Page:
NCAA Cracking Down: It's About Time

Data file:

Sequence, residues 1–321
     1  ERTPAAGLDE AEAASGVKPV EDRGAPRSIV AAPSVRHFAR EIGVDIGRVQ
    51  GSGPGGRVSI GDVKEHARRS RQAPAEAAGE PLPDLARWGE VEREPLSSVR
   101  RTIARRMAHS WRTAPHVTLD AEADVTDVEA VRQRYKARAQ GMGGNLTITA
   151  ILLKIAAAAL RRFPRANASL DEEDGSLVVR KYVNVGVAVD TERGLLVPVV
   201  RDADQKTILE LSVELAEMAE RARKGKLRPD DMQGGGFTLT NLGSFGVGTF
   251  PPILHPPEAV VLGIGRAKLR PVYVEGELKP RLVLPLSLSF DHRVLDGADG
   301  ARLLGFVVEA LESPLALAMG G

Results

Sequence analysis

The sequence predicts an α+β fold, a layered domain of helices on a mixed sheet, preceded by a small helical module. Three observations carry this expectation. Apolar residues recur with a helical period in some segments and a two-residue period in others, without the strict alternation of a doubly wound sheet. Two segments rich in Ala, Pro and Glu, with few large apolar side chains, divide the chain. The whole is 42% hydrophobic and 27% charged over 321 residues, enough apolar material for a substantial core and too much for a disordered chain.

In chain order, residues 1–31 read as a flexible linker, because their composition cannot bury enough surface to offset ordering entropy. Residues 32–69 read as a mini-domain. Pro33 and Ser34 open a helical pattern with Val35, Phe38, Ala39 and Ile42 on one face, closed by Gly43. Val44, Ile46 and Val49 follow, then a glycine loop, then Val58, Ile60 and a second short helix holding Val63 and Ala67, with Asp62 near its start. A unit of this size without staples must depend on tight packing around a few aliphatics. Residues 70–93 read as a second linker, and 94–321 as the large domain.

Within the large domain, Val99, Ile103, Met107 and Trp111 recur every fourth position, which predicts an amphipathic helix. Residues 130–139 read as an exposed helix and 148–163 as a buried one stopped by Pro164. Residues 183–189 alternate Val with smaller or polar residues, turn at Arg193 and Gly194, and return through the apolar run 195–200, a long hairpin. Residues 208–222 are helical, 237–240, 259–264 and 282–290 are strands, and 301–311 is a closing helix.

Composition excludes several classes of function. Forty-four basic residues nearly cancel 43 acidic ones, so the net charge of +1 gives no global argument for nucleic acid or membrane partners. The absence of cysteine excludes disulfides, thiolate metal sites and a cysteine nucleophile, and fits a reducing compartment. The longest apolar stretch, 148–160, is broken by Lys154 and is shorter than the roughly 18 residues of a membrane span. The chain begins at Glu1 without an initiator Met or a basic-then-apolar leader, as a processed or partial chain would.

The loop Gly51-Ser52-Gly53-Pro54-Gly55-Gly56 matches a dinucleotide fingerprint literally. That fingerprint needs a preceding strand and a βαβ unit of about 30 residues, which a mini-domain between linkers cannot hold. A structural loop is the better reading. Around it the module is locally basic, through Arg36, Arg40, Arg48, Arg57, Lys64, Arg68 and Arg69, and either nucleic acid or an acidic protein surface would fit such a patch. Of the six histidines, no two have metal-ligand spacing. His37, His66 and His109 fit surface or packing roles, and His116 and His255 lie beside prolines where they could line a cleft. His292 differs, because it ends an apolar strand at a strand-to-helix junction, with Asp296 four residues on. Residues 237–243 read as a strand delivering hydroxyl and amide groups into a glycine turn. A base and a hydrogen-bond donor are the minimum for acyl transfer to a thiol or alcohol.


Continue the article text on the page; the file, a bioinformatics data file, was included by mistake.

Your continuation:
No program or university is immune these days in any sport, which defies the NCAA's modus operandi for years. Since SMU was nailed with the death penalty in the mid-1980s, the enforcement police had been soft and sometimes non-existent, leading to suspicions that the NCAA was making too whopping a fortune off big-time programs to swing the hammer at rules offenders. But the under-the-table sins of two marquee athletes at USC, Reggie Bush and O.J. Mayo, changed everything. The NCAA took forever to scrutinize the relationship between Bush's parents and a wannabe sports marketer and the link between Mayo and a notorious street agent, leading even Pete Carroll to think the athletic department was home clear. "The sanctions came out five months after we left. I had no idea this would happen,'' said the former USC football coach, telling the Los Angeles Times that he didn't flee a burning building for the Seattle Seahawks because all seemed calm. "We never heard about this thing. We heard nothing from the athletic department. We heard nothing from the NCAA. So it was just kind of a dead issue for us."